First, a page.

Furthermore, as a self-proclaimed pacifist and ardent proponent of a theology of non-violence, if I wouldn’t strike even my worst enemy, why would I strike my own child?
Now, all that being said, my wife and I do discipline our son? “How?” you might be wondering. Through the long, difficult, time-consuming process of explaining things to him. Rather than smacking his hand or spanking his bottom, we walk over to him, get down on his level, and explain to him the “why” behind why he shouldn’t hit people, play with breakable/dangerous objects, etc. Moreover, we ground our “why” in a value that we hold. We don’t hit people because it hurts them, and we don’t want to hurt people. We don’t play with glass objects because they could break, and we love him and don’t want him to get hurt. We listen to others because ignoring them hurts their feelings, and we don’t want to make our friends sad.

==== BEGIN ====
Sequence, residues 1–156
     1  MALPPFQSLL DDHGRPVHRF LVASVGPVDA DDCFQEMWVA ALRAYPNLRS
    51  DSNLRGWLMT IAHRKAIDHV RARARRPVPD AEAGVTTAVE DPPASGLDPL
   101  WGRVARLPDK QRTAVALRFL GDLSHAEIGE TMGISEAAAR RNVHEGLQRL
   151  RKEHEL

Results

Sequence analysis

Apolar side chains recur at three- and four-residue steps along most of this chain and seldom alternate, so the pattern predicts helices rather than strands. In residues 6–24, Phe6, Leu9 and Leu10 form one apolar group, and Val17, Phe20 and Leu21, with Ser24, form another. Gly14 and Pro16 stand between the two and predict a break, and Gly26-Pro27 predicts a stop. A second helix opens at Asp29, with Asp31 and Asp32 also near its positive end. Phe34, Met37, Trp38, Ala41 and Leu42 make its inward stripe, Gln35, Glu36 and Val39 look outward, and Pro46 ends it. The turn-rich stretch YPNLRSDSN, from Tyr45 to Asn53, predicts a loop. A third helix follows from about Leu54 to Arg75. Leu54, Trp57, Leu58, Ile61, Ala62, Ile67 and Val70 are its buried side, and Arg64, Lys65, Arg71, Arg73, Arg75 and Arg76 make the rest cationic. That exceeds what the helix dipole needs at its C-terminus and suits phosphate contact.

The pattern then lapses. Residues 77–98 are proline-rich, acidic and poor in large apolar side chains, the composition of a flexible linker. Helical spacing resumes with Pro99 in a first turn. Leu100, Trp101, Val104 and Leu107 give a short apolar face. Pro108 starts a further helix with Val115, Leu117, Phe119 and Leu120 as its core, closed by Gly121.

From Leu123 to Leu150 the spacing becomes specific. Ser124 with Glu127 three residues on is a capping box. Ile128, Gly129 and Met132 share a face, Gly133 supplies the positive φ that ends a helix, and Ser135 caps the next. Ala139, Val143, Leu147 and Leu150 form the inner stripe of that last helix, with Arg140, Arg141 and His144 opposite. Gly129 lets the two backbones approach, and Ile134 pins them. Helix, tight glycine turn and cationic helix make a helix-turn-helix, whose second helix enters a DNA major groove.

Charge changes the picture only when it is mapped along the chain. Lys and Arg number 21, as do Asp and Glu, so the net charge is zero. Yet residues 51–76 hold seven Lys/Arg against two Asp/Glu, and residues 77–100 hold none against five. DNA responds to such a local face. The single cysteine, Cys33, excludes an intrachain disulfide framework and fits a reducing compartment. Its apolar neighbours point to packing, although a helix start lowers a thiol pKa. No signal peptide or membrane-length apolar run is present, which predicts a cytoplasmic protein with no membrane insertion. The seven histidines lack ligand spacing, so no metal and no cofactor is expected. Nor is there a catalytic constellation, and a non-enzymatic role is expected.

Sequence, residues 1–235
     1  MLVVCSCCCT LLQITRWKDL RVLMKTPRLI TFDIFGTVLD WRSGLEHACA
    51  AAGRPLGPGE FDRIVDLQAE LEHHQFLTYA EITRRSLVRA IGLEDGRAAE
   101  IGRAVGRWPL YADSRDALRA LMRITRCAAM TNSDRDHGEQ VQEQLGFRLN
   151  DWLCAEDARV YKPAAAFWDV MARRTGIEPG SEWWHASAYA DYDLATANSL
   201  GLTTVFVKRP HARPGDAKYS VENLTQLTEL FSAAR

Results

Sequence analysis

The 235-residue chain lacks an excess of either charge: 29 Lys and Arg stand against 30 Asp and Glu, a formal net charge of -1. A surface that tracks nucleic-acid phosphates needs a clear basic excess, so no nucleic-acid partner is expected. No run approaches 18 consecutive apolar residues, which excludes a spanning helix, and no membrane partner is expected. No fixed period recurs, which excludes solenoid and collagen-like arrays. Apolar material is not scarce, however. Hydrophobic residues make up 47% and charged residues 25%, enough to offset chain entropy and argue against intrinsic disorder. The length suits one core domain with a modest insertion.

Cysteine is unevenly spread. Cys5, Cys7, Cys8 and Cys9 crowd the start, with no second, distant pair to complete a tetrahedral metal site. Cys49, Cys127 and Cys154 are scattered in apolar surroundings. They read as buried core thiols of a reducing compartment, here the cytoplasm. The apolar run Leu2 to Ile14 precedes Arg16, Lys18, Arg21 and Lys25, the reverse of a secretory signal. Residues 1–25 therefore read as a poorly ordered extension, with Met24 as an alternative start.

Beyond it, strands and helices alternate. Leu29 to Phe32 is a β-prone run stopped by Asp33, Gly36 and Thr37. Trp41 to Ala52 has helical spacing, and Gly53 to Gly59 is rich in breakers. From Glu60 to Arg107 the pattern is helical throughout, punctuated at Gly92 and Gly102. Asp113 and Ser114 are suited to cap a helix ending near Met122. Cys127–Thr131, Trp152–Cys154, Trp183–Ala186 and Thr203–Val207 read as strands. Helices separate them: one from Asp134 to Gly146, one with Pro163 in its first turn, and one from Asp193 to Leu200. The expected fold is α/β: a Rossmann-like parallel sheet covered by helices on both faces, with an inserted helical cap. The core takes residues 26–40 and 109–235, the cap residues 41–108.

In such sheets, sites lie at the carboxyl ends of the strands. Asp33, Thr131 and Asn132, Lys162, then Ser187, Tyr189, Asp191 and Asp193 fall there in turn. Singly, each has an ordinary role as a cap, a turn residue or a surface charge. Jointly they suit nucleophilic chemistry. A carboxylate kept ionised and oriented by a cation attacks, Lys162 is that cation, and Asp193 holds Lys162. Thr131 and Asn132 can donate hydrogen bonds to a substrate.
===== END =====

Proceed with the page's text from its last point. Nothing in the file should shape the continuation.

And, believe it or not, I have found that even toddlers have a surprising capacity to use simple reason, especially if they are brought up to engage their problems that way.
I once read this short article about the beautiful way one people group treats one another.3
There is a tribe in Africa where the birth date of a child is counted not from when they’ve been born, nor from when they are conceived but from the day that the child was a thought in its mother’s mind.
And when a woman decides that she will have a child, she goes off and sits under a tree, but herself, and she listens until she can hear the song of the child that wants to come. And after she’s heard the song of this child, she comes back to the man who will be the child’s father, and teaches it to him. And then, when they make love to physically conceive the child, some of that time they sing the song of the child, as a way to invite it.